This week, the full House is taking up its version of the National Defense Authorization Act (NDAA), which includes some space-related provisions, such as authorizing funding for a domestic rocket engine to replace the RD-180. The Senate Armed Services Committee, meanwhile, is working on its own version of the NDAA this week in closed sessions. As early as next week, the Commerce, Justice, and Science (CJS) appropriations bill, which provides $17.9 billion for NASA, will reach the House floor.
Not long thereafter, the House is expected to take up a NASA authorization bill passed by the House Science Committee last month. “We expect floor time in the next few weeks, so we can pass that smoothly and send it on to the Senate side,” said Tom Hammond, majority staff director for the House Science Committee’s space subcommittee, during a panel session at the 30th Space Symposium in Colorado Springs on Tuesday afternoon.
The Senate, meanwhile, is working on its version of a NASA authorization bill. “There’s still hope of getting a NASA reauthorization through this Congress,” said Ann Zulkosky, senior professional staff on the Senate Commerce Committee’s space subcommittee, on the same panel. She said the topics under consideration for the bill include intellectual property rights issues for companies doing research on the International Space Station, an extension of the ISS itself beyond 2020, and maintaining competition in NASA’s commercial crew program.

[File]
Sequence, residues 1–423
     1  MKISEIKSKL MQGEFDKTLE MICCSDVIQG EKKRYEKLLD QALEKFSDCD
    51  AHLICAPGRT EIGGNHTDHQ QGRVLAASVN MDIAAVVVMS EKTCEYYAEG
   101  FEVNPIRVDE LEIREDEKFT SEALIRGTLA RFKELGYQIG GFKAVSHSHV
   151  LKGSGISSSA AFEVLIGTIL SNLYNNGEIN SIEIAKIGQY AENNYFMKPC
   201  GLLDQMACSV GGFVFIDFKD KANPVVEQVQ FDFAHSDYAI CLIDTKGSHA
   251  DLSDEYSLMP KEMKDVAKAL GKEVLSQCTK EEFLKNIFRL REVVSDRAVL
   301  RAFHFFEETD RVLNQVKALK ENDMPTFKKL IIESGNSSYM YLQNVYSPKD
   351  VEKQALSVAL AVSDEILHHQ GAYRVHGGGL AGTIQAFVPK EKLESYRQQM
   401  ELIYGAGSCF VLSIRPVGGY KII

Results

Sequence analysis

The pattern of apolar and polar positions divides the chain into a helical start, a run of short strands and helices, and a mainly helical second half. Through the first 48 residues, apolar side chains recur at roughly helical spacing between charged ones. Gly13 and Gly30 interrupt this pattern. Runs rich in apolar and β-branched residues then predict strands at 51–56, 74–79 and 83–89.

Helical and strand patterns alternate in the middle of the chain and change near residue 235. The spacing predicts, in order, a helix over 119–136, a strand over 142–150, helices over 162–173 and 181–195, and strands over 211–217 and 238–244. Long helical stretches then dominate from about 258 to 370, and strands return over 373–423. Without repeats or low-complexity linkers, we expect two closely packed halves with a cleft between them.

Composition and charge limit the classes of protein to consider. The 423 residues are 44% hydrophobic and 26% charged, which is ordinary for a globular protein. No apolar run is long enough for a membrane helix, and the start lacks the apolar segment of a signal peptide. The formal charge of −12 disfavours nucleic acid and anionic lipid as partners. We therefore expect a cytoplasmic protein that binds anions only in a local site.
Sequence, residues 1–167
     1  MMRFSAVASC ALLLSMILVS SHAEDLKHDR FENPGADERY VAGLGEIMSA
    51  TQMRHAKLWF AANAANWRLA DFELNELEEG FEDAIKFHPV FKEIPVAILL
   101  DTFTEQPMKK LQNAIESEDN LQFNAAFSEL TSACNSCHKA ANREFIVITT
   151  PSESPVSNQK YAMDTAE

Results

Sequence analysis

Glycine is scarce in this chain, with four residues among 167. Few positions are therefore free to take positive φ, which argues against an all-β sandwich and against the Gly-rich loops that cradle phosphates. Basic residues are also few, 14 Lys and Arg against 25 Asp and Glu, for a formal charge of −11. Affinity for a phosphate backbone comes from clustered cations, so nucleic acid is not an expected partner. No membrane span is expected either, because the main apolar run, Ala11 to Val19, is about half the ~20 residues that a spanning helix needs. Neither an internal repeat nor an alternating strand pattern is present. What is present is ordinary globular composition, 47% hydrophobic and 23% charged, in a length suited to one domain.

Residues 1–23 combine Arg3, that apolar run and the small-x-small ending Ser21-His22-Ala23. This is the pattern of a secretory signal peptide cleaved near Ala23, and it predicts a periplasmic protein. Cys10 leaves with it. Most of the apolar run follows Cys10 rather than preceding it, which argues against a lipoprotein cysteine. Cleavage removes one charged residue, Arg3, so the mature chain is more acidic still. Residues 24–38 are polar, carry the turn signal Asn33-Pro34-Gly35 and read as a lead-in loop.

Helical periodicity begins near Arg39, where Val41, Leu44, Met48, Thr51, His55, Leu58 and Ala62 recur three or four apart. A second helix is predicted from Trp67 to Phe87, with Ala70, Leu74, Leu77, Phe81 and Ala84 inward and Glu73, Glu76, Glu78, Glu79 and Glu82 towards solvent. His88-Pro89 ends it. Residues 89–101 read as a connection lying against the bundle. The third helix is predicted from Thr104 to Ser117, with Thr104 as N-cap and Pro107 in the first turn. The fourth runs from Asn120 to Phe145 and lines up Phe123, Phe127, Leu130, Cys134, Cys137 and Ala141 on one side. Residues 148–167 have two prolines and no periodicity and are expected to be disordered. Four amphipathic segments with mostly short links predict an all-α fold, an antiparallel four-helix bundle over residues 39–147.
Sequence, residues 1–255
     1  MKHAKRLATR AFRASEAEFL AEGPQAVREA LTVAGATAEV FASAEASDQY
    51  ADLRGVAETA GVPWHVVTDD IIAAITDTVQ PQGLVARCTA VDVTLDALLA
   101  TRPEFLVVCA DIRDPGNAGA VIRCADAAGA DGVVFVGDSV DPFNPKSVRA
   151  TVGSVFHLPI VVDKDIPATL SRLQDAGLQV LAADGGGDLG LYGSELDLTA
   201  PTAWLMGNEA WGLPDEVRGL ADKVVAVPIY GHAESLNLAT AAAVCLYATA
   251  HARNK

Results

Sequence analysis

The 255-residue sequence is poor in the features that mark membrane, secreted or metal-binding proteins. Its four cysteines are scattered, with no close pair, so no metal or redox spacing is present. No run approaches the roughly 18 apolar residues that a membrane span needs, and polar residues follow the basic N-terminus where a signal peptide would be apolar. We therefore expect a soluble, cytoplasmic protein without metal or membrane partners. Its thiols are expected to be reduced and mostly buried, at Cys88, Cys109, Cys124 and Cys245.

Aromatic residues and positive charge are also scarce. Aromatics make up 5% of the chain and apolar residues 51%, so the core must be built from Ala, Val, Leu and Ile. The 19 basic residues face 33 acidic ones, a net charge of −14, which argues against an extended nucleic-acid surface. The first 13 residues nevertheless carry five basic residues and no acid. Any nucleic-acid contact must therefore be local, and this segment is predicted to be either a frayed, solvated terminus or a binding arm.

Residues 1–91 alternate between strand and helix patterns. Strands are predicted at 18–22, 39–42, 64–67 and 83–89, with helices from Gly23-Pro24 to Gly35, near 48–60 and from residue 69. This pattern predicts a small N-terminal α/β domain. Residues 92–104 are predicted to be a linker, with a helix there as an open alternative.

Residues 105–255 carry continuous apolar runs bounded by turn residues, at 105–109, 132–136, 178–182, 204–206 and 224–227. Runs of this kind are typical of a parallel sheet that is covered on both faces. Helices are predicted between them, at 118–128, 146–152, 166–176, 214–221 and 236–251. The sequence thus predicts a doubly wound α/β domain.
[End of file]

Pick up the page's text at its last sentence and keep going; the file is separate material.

One issue that doesn’t appear likely to make it into the House or Senate NASA authorization bills is a new engine development program. “From a NASA perspective, this is not an issue that we have dealt with directly,” Zulkosky said. Hammond concurred, nothing the action on an RD-180 replacement in the NDAA.
Both the House and Senate are also working on legislation to update the Commercial Space Launch Act. The House version, said Hammond, may address several issues, including a request by the FAA for on-orbit authority for commercial space transportation vehicles and an extension of the “learning period” that limits the FAA’s ability to enact safety regulations for spaceflight participants. The bill may include “some asteroid mining or exploitation provisions,” he added, without elaboration.